This Saturday Christoph’s first-year seminar presented the fruits of its semester-long photography project at the annual Knox Parks Foundation harvest Market. The students had been learning about the role of nature photography in conservation efforts and complemented their classroom work by visiting several community gardens in Hartford and taking pictures.KNOX Parks was nice enough to give us a large corner of their greenhouse to display our images and to set up a little information table where we told visitors about the project Alley and Noelle did an amazing job distributing our catalogs, and everybody had a good time, enjoying the music of several bands, sampling local food (it was Cecilia’s first exposure to Mac and Cheese) and meeting up with some of their photography subjects.
Last month Professor Morrison and her students conducted the annual spring bird banding event with 6th-8th grade students at the 2 Rivers Magnet Middle School, in East Hartford. This activity provides a unique opportunity for students to learn scientific methodology for studying birds, about the natural environment surrounding them, and more about the birds themselves. Prof. Morrison and her students have been banding birds at 2RMMS since 2002, once in fall and once in spring. This week’s best capture was a Northern Flicker!
This Saturday more than a dozen of our majors took a break from studying and volunteered their time to the Barry Square Neighborhood Organization. The students met Hyacinth Yennie (P ’06) at 9AM in the Dunkin Donuts parking lot. After a few bagels and the obligatory T-shirts the group picked up trash along Maple Street.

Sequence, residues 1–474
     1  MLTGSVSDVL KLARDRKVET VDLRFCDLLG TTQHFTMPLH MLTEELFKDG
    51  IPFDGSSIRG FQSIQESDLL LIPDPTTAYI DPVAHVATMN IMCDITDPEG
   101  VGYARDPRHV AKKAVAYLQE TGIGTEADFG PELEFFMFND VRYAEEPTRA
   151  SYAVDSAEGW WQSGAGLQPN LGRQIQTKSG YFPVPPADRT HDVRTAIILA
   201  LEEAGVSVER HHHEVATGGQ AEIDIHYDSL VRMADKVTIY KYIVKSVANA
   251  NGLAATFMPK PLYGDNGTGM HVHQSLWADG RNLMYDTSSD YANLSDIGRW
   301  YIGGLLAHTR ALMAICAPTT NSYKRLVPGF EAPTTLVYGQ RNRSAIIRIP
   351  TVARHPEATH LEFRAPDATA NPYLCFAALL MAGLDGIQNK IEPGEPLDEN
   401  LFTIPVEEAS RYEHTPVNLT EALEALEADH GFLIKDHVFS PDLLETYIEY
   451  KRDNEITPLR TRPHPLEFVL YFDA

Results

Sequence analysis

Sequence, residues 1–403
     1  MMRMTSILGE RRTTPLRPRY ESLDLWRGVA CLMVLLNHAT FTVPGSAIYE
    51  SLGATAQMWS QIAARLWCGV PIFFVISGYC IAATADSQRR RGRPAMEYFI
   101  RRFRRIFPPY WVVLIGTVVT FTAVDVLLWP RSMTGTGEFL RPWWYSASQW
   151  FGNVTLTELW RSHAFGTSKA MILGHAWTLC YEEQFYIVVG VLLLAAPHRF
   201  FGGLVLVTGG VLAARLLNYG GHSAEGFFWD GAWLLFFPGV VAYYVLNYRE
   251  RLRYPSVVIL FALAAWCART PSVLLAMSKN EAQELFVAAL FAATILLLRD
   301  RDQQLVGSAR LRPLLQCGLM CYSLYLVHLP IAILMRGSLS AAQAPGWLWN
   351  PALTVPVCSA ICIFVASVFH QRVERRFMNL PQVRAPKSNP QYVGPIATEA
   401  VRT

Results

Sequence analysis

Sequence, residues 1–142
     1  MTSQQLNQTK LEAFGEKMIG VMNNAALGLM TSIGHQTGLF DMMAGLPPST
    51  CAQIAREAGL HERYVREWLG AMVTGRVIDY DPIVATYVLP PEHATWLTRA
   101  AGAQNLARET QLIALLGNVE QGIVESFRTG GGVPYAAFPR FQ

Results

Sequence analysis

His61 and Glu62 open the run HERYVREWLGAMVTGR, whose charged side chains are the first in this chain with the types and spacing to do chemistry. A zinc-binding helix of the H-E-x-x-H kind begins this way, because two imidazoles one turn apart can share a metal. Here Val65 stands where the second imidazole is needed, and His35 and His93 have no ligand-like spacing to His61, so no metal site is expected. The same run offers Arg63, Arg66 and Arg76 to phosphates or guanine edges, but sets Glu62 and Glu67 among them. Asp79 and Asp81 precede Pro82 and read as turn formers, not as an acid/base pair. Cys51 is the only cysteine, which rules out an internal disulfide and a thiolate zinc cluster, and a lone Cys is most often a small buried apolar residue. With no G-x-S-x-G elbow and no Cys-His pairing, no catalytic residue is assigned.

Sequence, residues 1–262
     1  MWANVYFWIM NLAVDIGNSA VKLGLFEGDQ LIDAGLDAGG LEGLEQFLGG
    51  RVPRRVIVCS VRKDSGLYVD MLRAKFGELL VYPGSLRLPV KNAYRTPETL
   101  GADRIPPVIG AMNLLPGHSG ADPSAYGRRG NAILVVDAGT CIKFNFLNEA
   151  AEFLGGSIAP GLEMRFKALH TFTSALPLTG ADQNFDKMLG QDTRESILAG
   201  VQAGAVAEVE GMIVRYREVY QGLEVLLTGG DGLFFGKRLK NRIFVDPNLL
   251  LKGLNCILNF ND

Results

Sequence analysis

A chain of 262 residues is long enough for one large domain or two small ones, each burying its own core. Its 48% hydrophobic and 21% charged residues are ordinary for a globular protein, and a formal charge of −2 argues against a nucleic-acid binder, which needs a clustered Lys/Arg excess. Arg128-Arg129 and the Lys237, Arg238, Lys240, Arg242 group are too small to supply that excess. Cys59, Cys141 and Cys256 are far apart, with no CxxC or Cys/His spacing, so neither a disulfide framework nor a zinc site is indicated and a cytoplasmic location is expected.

On April 19th about twenty ENVS students volunteered their time to clean up a portion of Pope Park. We met at McCook Hall at around 9AM and headed down to the site, where the Friends of Pope Park welcomed us with an impressive breakfast buffet.
So rather than stuffing leaves into trash cans we stuffed ourselves with muffins, fruit, granola bars and cookies. Finally we got to work: a few of us picked up trash around the perimeter, others took to shovels and rakes to remove the traces pf last week’s fair: tire
tracks of the heavy machinery that carried the carnival rides. A small flower bed at the entrance of the park yielded an astonishing amount of leaves. It took five of us all morning to get it cleaned out.
Due to the cold spring there weren’t many invasive species to be had, so Cameron and friends cleaned out the little pond and found the main prize: a very nice shopping cart and a brand-new cooler.
After three hours of work we returned back to Trinity where we had a celebratory barbecue to finish off the day.
This week students in Biological Invasions (ENVS 220L) began to map invasive species in a nearby natural area adjacent to Cemetery Brook and Hartford’s Hooker Environmental Science magnet school. Students will spend several weeks mapping and quantifying invasive plants that are present at the site, and then develop a management plan that will ultimately be passed on to the school, a local non-profit and the city of Hartford who hope to restore the site. Stay tuned for updates on the progress of this exciting project, and to find out if Jenna, Sarah and Cristina ever made it out of the dreaded multiflora rose-ringed swamp of no return!
Trinity’s ENVS program will participate in the 2014 Great American Cleanup. The details are still a bit murky, but Cameron volunteered us to pick up trash and eradicate invasives around the pond at Pope Park. On Saturday April 19th we plan on spending the morning at the park, do some good and end the half day of hard labor with a picnic or barbecue.
Contact Cameron or Christoph if you are interested in joining us on. Pope Park will provide trash and invasive plants, ENVS will provide transportation, gloves, tools and the food afterwards, and you provide the labor. Everybody wins!